The Pakistani government and non-governmental organizations exploit the narcotics earnings to undermine India. In Punjab and, Jammu, Kashmir, where the Pakistani government openly supports terrorism, narcotics are the primary source of finance for terrorist activities, according to a study conducted by Kshitij Prabha, Associate Fellow, and IDSA.
Nonetheless, it is possible to determine approximately how much Pakistan spends each month on paying militants alone—between 20 and 30 billion rupees—based on information obtained from terrorists and drug dealers. The expenses that Pakistan has incurred in inciting the threat of terrorism in India are not well estimated. Where does all of this money come from? Pakistan’s gross national product is not very spectacular. There is little doubt that the illegal drug trade provides this money. Since all financial transactions include currency, there is no evidence to back up this assertion. These two issues are vital to the regional politics between the two rival nations. The majority of the money used to sponsor terrorism comes from the smuggling of illegal drugs and other unlawful means. This is a costly endeavor. We know that the market value of narcotic drugs is significantly higher than that of other consumer items. For example, on the US market, one kilogram of Golden Crescent heroin fetches about one crore rupees, compared to its selling price of approximately one lakh rupees in South Asia. The cost of a kilogram of heroin coming from the Golden Crescent is between Rs. 30 lakhs and Rs. 1 crore. It is important to note that Colombian marijuana and heroin from Pakistan are in high demand in the United States and other European nations.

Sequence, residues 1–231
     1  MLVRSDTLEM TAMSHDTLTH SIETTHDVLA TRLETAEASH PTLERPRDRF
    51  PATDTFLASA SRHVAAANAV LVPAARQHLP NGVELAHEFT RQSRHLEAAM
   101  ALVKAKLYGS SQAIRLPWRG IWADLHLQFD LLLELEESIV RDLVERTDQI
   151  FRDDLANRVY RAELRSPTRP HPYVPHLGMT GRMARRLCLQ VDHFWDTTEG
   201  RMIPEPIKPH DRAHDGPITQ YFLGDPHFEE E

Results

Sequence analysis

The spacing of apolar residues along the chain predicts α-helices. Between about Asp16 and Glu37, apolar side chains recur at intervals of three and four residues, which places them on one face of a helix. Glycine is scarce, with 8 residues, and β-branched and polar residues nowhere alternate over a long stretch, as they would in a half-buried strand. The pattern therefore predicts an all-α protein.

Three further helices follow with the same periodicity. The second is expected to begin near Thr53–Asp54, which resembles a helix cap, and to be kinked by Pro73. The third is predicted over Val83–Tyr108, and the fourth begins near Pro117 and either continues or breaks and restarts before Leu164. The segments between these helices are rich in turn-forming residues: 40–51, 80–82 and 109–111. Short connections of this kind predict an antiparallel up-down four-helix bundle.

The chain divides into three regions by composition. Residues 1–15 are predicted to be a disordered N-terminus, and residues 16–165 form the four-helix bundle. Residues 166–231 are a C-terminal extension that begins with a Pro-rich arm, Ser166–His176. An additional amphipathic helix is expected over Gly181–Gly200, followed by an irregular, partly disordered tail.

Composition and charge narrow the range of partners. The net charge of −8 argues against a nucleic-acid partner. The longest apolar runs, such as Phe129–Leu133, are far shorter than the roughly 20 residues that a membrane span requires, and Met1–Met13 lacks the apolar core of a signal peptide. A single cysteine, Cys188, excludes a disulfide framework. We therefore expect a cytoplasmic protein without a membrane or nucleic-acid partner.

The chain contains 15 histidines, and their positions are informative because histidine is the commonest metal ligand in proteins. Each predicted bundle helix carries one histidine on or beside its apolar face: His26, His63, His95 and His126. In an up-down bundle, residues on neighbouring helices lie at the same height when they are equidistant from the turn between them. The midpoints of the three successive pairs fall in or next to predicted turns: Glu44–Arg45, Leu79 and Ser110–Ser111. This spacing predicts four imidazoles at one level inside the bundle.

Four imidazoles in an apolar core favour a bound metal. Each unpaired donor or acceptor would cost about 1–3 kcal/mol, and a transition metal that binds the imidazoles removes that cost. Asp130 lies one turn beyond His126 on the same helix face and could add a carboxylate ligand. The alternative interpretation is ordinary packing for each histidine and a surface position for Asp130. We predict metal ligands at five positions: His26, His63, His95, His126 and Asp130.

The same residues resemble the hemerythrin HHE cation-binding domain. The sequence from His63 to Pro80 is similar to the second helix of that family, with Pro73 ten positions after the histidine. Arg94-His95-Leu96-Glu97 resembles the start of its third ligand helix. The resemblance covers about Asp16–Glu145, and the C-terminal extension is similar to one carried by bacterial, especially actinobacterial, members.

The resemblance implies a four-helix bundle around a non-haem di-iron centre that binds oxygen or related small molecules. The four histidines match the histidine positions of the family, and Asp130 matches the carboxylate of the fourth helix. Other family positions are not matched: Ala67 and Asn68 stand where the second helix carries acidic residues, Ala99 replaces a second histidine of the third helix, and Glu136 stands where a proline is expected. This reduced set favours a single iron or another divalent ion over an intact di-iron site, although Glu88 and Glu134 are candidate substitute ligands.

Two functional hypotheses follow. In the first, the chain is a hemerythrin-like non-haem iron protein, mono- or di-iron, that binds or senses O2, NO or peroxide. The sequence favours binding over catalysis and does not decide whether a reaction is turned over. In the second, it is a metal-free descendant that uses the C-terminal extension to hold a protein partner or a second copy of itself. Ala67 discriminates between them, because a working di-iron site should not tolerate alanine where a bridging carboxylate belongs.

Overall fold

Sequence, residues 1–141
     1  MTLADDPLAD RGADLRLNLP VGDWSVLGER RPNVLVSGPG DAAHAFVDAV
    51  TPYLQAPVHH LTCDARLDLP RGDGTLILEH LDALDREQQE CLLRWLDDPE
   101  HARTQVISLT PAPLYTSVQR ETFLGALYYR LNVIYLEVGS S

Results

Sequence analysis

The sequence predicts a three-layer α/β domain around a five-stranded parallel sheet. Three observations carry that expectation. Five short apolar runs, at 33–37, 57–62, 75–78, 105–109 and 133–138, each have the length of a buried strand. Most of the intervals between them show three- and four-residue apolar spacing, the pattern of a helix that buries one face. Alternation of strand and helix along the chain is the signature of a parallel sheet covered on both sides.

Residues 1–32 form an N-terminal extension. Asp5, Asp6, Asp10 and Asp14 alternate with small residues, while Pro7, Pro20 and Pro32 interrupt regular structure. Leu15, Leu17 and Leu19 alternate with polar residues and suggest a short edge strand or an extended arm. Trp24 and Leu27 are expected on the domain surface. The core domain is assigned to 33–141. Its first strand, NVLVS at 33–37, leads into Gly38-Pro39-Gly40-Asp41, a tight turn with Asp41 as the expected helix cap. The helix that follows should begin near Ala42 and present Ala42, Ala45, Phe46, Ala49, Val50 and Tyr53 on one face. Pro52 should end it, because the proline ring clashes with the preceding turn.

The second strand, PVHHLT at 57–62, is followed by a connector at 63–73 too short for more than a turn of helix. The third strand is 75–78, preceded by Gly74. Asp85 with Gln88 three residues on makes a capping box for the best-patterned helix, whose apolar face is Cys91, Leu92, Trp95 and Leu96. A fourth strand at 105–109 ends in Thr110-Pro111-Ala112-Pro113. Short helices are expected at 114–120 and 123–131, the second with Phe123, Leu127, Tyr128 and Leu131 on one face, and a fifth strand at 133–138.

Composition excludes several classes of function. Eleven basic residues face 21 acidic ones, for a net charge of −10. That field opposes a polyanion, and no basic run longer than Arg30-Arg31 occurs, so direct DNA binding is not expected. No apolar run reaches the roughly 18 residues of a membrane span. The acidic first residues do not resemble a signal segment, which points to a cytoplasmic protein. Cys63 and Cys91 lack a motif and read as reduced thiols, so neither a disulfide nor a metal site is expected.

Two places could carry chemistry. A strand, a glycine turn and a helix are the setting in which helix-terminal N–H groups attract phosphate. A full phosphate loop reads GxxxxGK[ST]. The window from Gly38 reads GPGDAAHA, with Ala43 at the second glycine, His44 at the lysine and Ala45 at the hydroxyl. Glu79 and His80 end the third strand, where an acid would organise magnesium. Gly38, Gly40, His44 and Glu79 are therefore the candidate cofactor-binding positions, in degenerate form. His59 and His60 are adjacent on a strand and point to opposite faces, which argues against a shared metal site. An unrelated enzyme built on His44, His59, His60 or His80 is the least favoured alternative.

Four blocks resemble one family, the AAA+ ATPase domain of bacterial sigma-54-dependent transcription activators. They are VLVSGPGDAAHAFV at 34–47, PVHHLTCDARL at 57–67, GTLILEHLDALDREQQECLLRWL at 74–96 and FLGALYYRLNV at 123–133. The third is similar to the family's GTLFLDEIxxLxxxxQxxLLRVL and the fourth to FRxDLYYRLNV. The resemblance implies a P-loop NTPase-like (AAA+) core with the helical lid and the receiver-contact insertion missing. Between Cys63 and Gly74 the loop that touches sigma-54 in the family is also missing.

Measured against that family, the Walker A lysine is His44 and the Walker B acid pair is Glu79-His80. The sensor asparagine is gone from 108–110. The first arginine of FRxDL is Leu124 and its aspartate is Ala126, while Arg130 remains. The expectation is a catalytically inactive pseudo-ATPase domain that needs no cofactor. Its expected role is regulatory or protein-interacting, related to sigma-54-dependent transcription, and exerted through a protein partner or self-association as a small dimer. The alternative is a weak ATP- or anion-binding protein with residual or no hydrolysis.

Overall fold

Terrorists have forged links with drug traffickers, smugglers, and mafia dons to finance their purported operations, given the enormous financial amounts associated with the illegal drug trade.
The current concern is how to counter the threat posed by drug-related terrorism in India. The drug crisis in the Golden Crescent and the active participation of Pakistani politics and law enforcement have resulted in an unstable Indian subcontinent.
Origin and Background of Narco-Terrorism: